In July, we wrote to the Senate Finance Committee with suggested changes to the Fast Track legislation as introduced. We stated then, and reiterate now, the need for a new trade authority to provide significant and substantive opportunities for Congress to hold executive branch negotiators accountable. We remain eager to work with you to develop a process that can achieve the level of review and oversight intended by the U.S. Constitution. We believe such oversight to be absolutely necessary for modern international agreements with the breadth and reach of a Trans-Pacific Partnership (TPP) or Trans-Atlantic Trade and Investment Agreement (TTIP).
The lack of transparency – indeed, extreme secrecy – of the trade negotiation process, coupled with the failure of negotiators to meaningfully consult on the far-reaching impact of these agreements on state and local laws, even when binding on our states, is of grave concern to us. As state legislators, we are not at the table. Of the more than 600 cleared advisors to the U.S. Trade Representative, two state legislators have been invited to participate. Thus, we depend on Congress to create a new mechanism that provides for Congress to conduct the in-depth review and oversight these powerful international agreements require. When Congress abdicates much of its authority, as it does in the Fast Track process, our democracy suffers.
Moreover, requirements for “regulatory coherence” and “minimum standard of treatment” provisions included in these trade agreements, and the investor-state system of private justice that can be invoked by investors to challenge federal, state and local laws and regulations, threatens the U.S. system of federalism enshrined in our Constitution. Our federalist system reserves significant authority to state legislators to regulate to ensure a level playing field for workers and businesses and to implement meaningful human rights, labor and environmental standards – authority that is threatened by these trade pact provisions.
The Investor-State Dispute Settlement (ISDS) procedures included in recent and pending trade agreements, including the recently leaked TPP investment chapter, are of particular concern. ISDS allows foreign investors the right to sue governments directly in offshore private investment tribunals, bypassing the courts or allowing a “second bite” if the investors do not like the results of domestic court decisions. Although the investor-state tribunal has no power to directly nullify U.S. federal, state, and local laws, in practice, when a country loses to an investor, it will change the offending law, or pay damages, or both. Moreover, a country need not even lose an ISDS case for the chilling effect of a case merely being threatened or filed to impact its future policy making deliberations.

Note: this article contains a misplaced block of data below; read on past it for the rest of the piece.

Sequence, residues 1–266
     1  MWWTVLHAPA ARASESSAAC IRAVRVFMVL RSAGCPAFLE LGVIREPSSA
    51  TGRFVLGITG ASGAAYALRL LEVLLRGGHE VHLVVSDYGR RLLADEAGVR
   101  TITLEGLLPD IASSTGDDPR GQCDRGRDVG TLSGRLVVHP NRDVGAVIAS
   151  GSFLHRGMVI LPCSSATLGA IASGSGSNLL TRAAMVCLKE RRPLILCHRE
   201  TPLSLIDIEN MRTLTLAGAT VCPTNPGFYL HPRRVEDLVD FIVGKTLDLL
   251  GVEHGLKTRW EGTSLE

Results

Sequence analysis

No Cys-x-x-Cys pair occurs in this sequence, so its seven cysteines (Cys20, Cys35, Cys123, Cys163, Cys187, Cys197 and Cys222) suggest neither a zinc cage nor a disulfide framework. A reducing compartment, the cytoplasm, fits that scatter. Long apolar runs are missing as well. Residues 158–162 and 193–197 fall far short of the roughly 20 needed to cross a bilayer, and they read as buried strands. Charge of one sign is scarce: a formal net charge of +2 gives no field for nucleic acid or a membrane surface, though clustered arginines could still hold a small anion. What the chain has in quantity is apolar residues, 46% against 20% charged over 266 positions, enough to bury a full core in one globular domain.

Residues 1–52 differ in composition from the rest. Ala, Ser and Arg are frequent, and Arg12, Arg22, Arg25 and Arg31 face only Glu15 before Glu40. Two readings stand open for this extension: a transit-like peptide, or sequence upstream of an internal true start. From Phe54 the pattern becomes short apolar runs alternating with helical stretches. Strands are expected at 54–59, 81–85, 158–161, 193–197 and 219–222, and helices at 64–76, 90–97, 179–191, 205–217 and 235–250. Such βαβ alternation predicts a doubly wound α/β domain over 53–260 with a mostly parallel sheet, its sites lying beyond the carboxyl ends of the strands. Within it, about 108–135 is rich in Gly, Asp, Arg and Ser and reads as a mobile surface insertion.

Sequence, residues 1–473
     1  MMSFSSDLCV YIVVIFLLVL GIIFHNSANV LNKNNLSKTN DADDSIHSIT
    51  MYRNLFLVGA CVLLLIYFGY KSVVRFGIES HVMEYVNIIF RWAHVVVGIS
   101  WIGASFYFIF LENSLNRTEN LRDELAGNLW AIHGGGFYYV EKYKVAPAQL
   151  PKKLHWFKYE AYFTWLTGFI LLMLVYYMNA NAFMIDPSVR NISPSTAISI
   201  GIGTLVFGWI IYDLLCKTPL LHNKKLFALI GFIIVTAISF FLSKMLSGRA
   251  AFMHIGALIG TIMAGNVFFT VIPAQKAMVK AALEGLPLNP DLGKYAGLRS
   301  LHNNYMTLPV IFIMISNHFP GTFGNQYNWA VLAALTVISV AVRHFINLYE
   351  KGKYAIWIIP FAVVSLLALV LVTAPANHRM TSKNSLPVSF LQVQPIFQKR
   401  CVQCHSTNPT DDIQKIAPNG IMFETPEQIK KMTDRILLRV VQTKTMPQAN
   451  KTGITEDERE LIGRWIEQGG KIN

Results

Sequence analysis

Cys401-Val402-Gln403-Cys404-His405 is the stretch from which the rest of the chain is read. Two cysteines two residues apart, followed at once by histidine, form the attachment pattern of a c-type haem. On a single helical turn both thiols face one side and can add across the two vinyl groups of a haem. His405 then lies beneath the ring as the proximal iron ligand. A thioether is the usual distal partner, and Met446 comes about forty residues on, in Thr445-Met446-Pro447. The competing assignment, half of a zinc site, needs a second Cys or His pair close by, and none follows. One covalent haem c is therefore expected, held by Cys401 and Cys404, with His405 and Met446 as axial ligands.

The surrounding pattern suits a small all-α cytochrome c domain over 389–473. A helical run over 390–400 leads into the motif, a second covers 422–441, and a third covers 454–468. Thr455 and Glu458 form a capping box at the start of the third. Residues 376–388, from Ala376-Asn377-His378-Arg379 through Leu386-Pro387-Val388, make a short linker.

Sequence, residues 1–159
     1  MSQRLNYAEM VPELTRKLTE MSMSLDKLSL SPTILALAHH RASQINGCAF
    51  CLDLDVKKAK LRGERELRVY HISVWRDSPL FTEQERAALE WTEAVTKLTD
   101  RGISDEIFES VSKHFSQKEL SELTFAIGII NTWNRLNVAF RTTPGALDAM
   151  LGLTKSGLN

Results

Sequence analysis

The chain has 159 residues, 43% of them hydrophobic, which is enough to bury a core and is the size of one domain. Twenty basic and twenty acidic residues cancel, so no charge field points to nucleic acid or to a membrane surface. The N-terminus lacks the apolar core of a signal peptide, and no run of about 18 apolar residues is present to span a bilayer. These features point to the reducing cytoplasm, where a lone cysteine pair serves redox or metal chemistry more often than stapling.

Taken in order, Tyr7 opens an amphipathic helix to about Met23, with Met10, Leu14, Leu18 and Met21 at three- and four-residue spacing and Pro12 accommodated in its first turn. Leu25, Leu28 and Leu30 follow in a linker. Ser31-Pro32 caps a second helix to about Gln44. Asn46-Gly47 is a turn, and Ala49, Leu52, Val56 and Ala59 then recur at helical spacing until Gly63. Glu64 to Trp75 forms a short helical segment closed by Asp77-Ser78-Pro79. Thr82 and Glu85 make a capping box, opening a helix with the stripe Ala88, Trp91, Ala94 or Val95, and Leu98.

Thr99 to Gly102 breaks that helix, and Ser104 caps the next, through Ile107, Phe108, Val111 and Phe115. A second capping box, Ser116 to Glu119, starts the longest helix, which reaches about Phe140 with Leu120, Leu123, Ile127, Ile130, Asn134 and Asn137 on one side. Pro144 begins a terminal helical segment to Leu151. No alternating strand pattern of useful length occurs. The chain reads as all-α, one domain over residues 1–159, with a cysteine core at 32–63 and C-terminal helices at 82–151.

Indeed, in our own experience as state legislators, we have directly experienced that chilling effect. It is not uncommon for investors and foreign governments alike to seek to chill non-discriminatory state legislative action on matters of public health, safety and welfare, with threats of legal challenges based on international trade agreements. State legislative examples we are aware of include electronic waste producer responsibility laws, regulation of water extraction, tax haven restrictions, GMO labeling, and regulation of toxics in consumer products. Current ISDS litigation includes many challenges to environmental regulation, including oversight of hydraulic fracturing and mining.
State legislators have a longstanding and clear position opposing investor-state dispute settlement clauses in trade agreements, memorialized in the policy of the National Conference of State Legislatures (NCSL), which represents all 50 states and the District of Columbia: “…NCSL will not support any BIT or FTA that provides for investor/state dispute resolution. NCSL firmly believes that when a state adopts a nondiscriminatory law or regulation intended to serve a public purpose, it shall not constitute a violation of an investment agreement or treaty, even if the change in the legal environment thwarts the foreign investors’ previous expectations.” [Readopted August 2013: http://www.ncsl.org/ncsl-in-dc/task-forces/policieslabor-and-economic-development.aspx#trade ]
The undersigned state legislators strongly endorse this position, and urge you in your oversight capacity to remove any investor-state dispute settlement clause from inclusion in the TPP, TTIP or other international trade or investment agreement that may be negotiated in the future.
Many of the undersigned legislators serve on the environment and natural resources committees of our legislatures and have leadership roles advancing environmental protections in our states. We are deeply concerned about public reports of potential provisions in both the TPP and TTIP agreements that would undermine these protections, including provisions on or related to investment and energy exports. With respect to TTIP, we are troubled by reports that the European Union is seeking binding provisions that would facilitate expanded exports of both liquefied natural gas and crude oil. With respect to the TPP, we are very concerned that the U.S. Department of Energy would lose its ability to even review whether exports of natural gas are in the interest of the public, should that agreement include national treatment for trade in gas.